A Comparison of BIN and Agent Relationships
In this article, I will discuss the various relationships that may exist between sales agents, ISOs, and banks. This article will focus on attributes and the impact of a direct relationship between a sales organization and a bank (commonly referred to as a BIN relationship) as opposed to a standard agent agreement, where the sales organization contracts with an ISO instead of a bank. In my experience, there is also a hybrid of these two relationships that I refer to as a pseudo-BIN relationship that I will also outline. Below, I will discuss the duties and responsibilities of each party to such relationships for items including customer service, risk, charge backs, merchant agreements and related issues.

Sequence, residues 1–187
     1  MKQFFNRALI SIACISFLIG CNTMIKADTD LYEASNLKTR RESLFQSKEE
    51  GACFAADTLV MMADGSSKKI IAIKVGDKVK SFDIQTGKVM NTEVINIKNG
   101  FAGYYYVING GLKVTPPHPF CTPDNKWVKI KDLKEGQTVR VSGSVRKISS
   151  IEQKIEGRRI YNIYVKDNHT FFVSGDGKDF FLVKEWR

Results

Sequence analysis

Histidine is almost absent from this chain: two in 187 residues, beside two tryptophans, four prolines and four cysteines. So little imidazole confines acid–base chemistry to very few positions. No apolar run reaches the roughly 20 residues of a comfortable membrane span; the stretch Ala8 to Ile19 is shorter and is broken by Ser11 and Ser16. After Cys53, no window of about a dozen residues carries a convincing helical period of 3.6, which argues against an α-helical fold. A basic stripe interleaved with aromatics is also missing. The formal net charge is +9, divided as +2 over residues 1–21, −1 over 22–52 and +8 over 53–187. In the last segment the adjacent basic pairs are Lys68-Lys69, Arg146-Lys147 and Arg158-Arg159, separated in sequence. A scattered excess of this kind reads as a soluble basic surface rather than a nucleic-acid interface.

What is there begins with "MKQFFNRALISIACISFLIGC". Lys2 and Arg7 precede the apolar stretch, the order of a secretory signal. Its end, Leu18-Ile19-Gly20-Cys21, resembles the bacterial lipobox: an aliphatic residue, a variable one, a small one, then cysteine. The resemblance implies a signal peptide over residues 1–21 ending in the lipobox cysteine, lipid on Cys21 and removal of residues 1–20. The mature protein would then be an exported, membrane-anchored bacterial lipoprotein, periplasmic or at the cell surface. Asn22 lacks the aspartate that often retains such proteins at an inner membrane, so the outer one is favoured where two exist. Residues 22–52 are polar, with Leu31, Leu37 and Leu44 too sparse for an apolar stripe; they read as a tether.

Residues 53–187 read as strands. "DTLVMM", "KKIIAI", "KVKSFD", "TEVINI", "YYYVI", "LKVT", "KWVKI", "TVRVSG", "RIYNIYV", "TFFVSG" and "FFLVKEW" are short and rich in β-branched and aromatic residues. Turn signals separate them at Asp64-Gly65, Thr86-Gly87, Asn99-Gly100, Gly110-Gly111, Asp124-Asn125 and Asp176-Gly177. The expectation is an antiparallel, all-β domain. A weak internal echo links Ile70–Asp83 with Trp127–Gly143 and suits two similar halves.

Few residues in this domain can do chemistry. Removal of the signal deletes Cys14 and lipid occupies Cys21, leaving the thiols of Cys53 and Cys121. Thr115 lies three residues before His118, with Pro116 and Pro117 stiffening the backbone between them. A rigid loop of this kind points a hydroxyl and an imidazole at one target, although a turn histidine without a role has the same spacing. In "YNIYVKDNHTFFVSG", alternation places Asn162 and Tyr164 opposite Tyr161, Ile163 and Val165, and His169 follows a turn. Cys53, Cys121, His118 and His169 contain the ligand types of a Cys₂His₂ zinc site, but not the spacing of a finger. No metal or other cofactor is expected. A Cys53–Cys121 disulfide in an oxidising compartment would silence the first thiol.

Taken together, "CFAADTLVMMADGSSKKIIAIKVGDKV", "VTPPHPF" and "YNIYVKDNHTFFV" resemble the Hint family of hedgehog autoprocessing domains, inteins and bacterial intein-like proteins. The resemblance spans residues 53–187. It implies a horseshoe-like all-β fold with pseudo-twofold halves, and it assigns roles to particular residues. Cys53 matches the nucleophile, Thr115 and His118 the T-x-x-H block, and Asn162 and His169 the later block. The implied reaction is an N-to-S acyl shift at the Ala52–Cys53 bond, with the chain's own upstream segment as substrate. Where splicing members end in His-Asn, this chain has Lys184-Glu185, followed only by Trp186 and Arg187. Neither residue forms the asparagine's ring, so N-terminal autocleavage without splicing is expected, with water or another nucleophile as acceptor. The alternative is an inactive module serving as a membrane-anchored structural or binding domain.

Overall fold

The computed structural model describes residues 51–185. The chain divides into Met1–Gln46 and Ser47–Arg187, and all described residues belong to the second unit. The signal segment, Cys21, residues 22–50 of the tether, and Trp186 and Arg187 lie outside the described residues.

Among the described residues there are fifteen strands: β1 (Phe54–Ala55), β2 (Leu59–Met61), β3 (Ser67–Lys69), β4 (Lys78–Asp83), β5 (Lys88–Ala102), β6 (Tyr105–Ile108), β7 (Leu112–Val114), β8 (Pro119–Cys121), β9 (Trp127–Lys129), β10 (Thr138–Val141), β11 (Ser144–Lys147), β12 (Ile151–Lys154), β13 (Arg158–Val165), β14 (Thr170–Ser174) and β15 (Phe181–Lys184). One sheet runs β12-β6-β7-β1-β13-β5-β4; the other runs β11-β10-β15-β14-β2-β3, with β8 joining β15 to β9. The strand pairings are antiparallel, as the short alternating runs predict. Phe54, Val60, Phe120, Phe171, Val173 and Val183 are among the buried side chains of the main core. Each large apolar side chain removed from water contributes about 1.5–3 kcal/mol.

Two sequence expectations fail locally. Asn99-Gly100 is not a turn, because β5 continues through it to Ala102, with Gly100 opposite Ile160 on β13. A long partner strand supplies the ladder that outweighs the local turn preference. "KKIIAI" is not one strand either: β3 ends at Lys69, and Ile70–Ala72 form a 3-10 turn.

The typical arrangement between sales agents and the credit card acquiring industry has been an agent arrangement. In an agent arrangement, the sales organization contracts directly with a sponsoring ISO and provides merchant accounts directly to that ISO. In addition, the sales agent markets under the name of the ISO. At the discretion of the ISO’s sponsoring bank, the sales agent may or may not enter into the direct contractual relationship with the sponsoring bank.
In such a relationship, the sales agents duties and responsibilities are mainly limited to selling the merchant account. Once the merchant account is submitted by the sales agent to the ISO, the ISO provides all services related to underwriting and approving the account. Once the account is approved, the ISO is generally responsible for all merchant support such as customer service, billing, collections, merchant statements, charge backs, returns and credits.